This is an archived article that was published on sltrib.com in 2015, and information in the article may be outdated. It is provided only for personal research purposes and may not be reprinted.
In a domed venue in Pocatello, Idaho, where Taysom Hill became a celebrated high school quarterback, Michael and Karen Mangum shared a phone as they watched the telecast of their son launching a legendary pass in his first BYU game as Hill's replacement.
Tanner Mangum's last-second, game-winning pass to Mitch Mathews against Nebraska came about an hour after Idaho State's Madison Mangum made a spectacular, one-handed touchdown catch. That may have stood as the No. 1 play among national highlights, if not for his little brother's delivery in front of 15 times as many fans.
Asked what Saturday's sequence of events was like for his parents, Tanner Mangum smiled and said, "I can't imagine."
At the other emotional extreme of parenting, try being Doug and Natalie Hill. For the third time in 35 months, they watched their son's season end prematurely, this time because of a Lisfranc sprain in his foot. They could only ask why.
"Here is a kid that loves the game of football and God has given him all the talents, abilities and attributes to do so," Doug Hill wrote Monday in a text message to The Tribune, "but yet for some reason, it appears he does not want him to play this game."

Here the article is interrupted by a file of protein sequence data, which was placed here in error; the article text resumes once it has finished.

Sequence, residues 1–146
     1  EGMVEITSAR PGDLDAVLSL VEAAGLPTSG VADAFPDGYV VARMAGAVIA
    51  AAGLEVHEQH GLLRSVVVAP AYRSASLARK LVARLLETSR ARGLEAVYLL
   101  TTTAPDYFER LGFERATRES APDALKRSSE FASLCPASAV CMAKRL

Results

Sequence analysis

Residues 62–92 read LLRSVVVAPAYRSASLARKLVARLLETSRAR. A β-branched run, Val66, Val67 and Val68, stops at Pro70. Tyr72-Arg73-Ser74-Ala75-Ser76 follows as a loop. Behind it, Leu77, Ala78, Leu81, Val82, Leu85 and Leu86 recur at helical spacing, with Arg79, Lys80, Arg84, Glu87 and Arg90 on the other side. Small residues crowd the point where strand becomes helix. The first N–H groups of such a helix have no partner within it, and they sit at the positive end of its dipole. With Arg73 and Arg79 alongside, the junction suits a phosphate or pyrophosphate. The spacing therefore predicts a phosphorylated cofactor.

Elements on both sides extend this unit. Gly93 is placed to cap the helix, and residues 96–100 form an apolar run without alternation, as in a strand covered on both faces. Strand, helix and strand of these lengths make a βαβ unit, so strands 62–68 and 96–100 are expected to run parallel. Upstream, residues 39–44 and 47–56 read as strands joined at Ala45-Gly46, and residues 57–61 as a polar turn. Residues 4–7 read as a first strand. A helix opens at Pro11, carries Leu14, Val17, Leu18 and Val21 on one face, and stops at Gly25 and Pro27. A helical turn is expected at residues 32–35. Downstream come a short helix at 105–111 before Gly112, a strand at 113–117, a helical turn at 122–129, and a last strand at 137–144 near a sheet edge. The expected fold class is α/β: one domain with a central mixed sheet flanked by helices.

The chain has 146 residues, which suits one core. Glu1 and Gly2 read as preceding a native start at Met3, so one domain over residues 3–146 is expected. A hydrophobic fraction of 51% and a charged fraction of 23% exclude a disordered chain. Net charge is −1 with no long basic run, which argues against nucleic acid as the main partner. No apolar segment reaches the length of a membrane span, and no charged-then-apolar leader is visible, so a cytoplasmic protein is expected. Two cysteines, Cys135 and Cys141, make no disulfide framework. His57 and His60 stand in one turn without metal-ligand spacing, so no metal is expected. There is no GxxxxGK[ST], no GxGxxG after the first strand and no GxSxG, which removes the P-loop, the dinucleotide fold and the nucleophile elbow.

Sure makes you wonder, doesn't it? Nobody has ever done more than Hill to come back from major injuries and represent his school well on and off the field, but football keeps letting him down.
Regardless of how this year plays out for Mangum and the Cougars, having another of Hill's seasons end so soon is a stunning hit for him and anyone who has appreciated watching him play. That includes BYU athletic director Tom Holmoe, whose tweet Saturday labeled Hill "By far, my favorite player EVER to wear Cougar Blue!"
The news about Hill's injury resonated in Pocatello. "Crushed," said Gino Mariani, Hill's coach at Highland High School. "As a coach, you talk about how football teaches life lessons. Taysom has had his fill, and then some."
And now, who knows where Hill goes from here? Doug Hill spoke this summer of his son's healthy perspective, with marriage and academic pursuits giving him a foundation beyond football that he may have lacked in 2012. Even so, it can't be easy for Taysom Hill to deal with another injury or to try to come back again.
He could consider 2015 a redshirt season and return for a fifth year, as Utah State quarterback Chuckie Keeton has done but Keeton had suffered only two season-ending injuries, not three.
"I'm sure he needs a little time and space, then will sit down and talk with his family and do what is best for them and his health," said longtime friend Spencer Harding.
BYU's epic locker-room celebration at Nebraska included a "somber" element, by coach Bronco Mendenhall's account. Mathews will remember hugging Hill "both of us crying," he said after learning the severity of his former roommate's injury, as much as his own triumph, moments earlier.